Too Much Weight Gain in Pregnancy Linked to Chubby
TUESDAY, June 7 (HealthDay News) -- Women who gain an excessive
amount of weight during pregnancy tend to have chubbier babies, a
possible risk factor for childhood obesity, new research
The Institute of Medicine recommends that normal weight women
gain 25 to 35 pounds during pregnancy. Overweight women should keep
weight gain between 15 and 25 pounds, while obese women should
limit weight gain to 11 to 20 pounds.
The study included 56 women -- 31 whose pregnancy weight gain
fell within the guidelines and 25 who gained too much. None of the
women had gestational diabetes.
Researchers tested infant's body fat within 48 hours of delivery
using what they say is a newer, more accurate technique.
Babies born to women who exceeded the guidelines had 17.5 ounces
of body fat compared to 13.9 ounces among newborns of women whose
weight gain fell within the guidelines.
Researchers noted the link between pregnancy weight gain and
baby's body fat regardless of the women's weight before becoming
pregnant, although women who were obese before pregnancy were more
likely to exceed the weight gain guidelines.
About 70 percent of obese women exceeded the weight gain
recommendations compared to 31 percent of normal weight women.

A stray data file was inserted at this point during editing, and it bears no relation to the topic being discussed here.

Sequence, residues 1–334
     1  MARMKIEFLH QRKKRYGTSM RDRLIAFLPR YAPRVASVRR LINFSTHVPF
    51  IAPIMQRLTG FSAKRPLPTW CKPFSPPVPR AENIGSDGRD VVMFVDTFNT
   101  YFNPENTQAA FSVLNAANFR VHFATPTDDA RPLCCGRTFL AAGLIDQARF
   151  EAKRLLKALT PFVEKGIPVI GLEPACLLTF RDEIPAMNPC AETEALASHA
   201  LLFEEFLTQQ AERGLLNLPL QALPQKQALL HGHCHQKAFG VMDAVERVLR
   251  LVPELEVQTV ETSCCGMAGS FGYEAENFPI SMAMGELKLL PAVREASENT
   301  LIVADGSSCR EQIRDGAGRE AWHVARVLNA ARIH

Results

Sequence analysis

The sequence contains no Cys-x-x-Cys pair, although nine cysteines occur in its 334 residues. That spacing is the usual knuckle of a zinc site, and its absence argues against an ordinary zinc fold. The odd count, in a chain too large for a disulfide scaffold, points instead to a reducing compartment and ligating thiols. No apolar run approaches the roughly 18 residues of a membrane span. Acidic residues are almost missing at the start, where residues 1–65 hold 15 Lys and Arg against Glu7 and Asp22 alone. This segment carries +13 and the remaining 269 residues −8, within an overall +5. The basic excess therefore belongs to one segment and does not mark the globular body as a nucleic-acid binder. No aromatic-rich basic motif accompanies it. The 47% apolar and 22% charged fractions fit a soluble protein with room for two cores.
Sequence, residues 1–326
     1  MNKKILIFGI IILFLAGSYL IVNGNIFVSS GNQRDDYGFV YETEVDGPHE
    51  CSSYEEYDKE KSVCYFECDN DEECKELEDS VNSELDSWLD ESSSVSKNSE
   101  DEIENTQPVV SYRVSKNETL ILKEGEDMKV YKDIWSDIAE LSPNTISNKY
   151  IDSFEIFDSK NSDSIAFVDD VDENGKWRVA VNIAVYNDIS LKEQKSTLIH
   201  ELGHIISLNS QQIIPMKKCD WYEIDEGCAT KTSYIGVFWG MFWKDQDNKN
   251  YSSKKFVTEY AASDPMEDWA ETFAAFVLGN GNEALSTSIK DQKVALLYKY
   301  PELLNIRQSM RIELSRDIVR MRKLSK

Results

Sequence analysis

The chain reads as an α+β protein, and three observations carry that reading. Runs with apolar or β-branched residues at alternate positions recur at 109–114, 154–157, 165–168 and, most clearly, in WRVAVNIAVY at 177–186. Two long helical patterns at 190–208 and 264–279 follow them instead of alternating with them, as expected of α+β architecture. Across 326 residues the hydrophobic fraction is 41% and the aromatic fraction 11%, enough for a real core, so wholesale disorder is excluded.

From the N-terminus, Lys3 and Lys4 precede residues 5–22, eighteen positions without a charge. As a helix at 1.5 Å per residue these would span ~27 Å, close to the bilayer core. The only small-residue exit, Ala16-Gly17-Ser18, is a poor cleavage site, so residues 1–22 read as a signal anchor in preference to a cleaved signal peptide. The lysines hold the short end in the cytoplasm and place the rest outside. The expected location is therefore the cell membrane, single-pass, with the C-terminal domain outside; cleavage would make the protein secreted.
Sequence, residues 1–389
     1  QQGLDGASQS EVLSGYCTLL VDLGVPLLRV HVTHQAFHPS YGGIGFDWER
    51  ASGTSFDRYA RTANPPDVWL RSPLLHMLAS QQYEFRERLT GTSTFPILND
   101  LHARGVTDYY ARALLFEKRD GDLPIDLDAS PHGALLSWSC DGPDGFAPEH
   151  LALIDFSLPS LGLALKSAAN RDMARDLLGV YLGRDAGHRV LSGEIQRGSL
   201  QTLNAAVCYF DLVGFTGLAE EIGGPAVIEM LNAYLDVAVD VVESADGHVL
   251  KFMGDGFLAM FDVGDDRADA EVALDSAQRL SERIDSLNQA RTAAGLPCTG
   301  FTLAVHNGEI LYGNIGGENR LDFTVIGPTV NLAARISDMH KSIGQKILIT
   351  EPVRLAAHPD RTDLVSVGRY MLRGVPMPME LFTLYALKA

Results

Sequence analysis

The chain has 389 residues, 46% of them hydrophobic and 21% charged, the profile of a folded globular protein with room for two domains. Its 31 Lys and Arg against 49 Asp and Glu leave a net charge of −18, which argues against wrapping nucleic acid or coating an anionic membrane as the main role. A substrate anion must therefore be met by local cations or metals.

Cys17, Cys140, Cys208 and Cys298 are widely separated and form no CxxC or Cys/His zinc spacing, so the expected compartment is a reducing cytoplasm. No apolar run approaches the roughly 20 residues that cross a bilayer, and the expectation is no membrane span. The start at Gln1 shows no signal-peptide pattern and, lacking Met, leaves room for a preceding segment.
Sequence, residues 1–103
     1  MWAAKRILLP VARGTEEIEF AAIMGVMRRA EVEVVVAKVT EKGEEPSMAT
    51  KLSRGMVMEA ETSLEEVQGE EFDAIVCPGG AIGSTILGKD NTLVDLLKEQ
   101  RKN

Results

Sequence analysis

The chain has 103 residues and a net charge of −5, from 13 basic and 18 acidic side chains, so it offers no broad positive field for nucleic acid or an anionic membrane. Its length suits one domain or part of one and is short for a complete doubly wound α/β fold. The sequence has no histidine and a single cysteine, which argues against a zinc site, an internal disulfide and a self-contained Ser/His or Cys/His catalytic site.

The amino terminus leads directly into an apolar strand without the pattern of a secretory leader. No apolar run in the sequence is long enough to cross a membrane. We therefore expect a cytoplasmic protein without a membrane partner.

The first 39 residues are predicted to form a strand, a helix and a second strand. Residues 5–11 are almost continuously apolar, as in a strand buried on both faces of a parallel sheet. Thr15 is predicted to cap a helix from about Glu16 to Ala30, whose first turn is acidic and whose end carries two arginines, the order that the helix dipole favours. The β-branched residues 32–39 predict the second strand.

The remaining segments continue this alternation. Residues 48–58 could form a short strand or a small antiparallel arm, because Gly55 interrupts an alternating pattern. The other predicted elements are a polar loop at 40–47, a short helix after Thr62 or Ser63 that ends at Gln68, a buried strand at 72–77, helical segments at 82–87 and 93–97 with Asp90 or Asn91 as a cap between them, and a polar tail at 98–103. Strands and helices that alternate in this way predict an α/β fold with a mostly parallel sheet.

The study was to be presented Tuesday at The Endocrine's
Society's 93rd annual meeting in Boston.
"Excessive weight gain during pregnancy, regardless of pre-pregnancy weight, is an important risk factor for newborn obesity," said the study's principal investigator, Dr. Jami Josefson, a pediatric endocrinologist at Children's Memorial Hospital and assistant professor at Northwestern University Feinberg School of Medicine in Chicago, in a news release from The Endocrine Society. "More research is needed to determine if high amounts of fat at birth are associated with high amounts of fat in childhood."
Because this study was presented at a medical meeting, the data
and conclusions should be viewed as preliminary until published in
a peer-reviewed journal.
The National Women's Health Information Center has more
complications during pregnancy.
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